Arenado wants to be Rockies' driving force
Two-time Gold Glove winner seeks improvement in third MLB season
DENVER -- In a 2015 when the Rockies have already made some changes but need to make more to improve, third baseman Nolan Arenado is putting the onus on himself.
If he achieves, watch out.
Arenado won a Rawlings Gold Glove Award as a rookie in 2013, then repeated in 2014. In addition, he improved his batting average (.267 to .287), on-base percentage (.301 to .328), slugging percentage (.405 to .500), home runs (10 to 18) and RBIs (52 to 61) despite playing in 22 fewer games. According to baseball stat analyst Jeff Zimmerman's Baseball Heat Maps website, in 2014 he hit the ball an average of 199 feet on balls not bunted, which was 15 feet farther than 2013 and raised his ranking in the Majors from 172nd to 37th.
Still, he demands more of himself, in hopes of being a cog for improvement for a team that finished last in the National League West his rookie year and next-to-last last season.
"I've got to get better, personally," Arenado said. "I've got to be a better leader, a better player overall, fix my game, make sure I come in healthy and be strong."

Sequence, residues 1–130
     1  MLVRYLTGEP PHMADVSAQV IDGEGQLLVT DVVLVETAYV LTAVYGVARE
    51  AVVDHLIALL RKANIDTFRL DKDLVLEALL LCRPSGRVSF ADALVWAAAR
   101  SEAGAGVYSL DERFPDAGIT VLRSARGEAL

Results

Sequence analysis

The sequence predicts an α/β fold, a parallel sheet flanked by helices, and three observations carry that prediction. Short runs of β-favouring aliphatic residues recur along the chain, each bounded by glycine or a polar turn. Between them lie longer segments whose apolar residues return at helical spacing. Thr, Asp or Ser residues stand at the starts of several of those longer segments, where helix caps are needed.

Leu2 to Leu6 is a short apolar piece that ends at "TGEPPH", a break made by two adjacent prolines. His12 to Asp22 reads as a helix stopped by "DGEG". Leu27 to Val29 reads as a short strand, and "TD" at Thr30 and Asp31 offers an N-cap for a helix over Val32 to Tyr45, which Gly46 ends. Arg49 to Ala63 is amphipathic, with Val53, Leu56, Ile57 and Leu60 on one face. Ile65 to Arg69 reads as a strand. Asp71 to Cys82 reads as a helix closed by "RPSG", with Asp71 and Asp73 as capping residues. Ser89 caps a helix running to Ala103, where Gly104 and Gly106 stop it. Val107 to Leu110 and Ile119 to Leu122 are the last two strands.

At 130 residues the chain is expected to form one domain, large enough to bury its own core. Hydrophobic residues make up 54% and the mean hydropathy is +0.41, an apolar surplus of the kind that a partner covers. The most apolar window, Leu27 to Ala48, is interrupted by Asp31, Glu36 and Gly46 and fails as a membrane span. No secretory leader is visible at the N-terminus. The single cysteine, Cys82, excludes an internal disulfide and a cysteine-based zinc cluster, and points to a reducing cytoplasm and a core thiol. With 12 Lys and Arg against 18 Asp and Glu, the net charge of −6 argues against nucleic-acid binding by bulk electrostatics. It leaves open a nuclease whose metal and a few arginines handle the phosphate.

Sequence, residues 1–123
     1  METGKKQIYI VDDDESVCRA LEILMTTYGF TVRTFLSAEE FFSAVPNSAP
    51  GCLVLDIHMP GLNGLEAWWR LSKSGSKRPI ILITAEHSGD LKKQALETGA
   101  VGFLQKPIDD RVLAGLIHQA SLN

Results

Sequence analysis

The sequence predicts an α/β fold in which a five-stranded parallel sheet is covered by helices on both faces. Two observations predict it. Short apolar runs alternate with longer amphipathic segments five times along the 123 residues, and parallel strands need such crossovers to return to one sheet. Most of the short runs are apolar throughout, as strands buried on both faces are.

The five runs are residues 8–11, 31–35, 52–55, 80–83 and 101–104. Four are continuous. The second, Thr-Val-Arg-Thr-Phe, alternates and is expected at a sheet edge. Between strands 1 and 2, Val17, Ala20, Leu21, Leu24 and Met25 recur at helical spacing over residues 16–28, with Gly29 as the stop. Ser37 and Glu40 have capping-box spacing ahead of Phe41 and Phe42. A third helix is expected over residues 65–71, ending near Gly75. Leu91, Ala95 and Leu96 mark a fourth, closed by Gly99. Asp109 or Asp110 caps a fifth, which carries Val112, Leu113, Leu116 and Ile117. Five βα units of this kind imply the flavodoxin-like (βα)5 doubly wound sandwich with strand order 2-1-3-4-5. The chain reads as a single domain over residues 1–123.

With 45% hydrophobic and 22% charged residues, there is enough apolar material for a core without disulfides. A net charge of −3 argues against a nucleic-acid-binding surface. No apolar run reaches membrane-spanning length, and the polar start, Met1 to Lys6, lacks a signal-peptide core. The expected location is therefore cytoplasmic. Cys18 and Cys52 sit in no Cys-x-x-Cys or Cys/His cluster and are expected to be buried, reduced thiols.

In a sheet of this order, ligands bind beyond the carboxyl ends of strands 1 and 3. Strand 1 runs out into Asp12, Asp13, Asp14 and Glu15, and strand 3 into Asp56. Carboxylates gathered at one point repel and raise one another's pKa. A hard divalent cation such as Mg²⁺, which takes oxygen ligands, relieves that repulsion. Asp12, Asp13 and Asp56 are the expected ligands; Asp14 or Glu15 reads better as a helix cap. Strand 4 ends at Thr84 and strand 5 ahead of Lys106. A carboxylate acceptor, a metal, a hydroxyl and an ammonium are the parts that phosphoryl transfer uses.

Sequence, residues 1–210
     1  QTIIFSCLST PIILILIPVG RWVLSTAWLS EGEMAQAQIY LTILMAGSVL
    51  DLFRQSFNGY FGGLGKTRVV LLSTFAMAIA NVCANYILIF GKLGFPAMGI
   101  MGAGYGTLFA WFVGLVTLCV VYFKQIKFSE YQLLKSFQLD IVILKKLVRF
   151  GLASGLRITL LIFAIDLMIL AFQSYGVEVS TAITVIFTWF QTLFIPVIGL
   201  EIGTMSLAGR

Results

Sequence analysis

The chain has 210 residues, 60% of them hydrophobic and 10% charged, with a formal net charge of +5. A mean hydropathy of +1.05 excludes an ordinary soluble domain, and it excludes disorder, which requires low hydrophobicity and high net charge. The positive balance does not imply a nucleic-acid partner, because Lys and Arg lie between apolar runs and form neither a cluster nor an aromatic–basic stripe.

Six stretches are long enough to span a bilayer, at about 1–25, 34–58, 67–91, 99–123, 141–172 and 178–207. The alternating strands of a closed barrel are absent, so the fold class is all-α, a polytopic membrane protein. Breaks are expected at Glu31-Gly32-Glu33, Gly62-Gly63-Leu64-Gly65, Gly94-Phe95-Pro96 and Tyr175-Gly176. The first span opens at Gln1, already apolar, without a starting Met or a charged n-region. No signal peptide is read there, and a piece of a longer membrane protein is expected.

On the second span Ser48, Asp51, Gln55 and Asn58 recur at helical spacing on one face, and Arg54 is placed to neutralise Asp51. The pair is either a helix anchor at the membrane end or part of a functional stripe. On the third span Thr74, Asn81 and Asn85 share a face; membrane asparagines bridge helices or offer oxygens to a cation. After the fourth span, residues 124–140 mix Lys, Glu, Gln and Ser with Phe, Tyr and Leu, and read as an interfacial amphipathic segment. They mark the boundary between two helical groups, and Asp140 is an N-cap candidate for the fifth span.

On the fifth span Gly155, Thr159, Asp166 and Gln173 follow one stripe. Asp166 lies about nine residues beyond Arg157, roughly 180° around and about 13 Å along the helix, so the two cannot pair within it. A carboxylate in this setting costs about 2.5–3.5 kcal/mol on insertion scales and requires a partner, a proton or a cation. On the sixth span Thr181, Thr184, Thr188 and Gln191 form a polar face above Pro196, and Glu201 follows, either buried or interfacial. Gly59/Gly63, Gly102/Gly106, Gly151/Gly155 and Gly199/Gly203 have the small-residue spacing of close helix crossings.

Arenado's 2014 mirrored the Rockies in one respect -- he showed what was possible when healthy, but injuries derailed the season. Arenado compiled hits in a club-record 28 straight games from April 9 to May 8. The Rockies were 26-23 when Arenado suffered a mallet fracture of his left middle finger on May 23, but went 10-27 with Arenado missing. He also missed the dying days of the season with a chest contusion and early-onset pneumonia.
But Arenado is looking for ways to make sure he is a positive force. In a year of such production, Arenado settled in on one transgression. On July 25, a frustrated Arenado didn't sprint to first base after hitting an infield dribbler. Pirates pitcher Charlie Morton had time to fumble the ball, pick it up and throw him out at first base. The incident earned Arenado an immediate benching.
The next night, Arenado went 3-for-5 with a home run. But he admits he's still working on his reactions to adversity.
"I do some things I shouldn't do," Arenado said. "But it's for the emotion and the love for this game. I want to be good at it. I want to help the team win. Sometimes it drives you crazy. But sometimes it works in your favor and makes you better. When things go bad, I need to learn to handle it a little better. I got a little better but I've got a lot of room for improvement."
Arenado joins veterans Troy Tulowitzki, Carlos Gonzalez and Justin Morneau as part of a productive offensive nucleus that the club feels is capable of a leap this season, provided deals (some of which may disrupt the nucleus) can be made to improve the pitching.
"When people come in to play Colorado, I want my name to be popping in their heads," Arenado said. "I want to be a dude."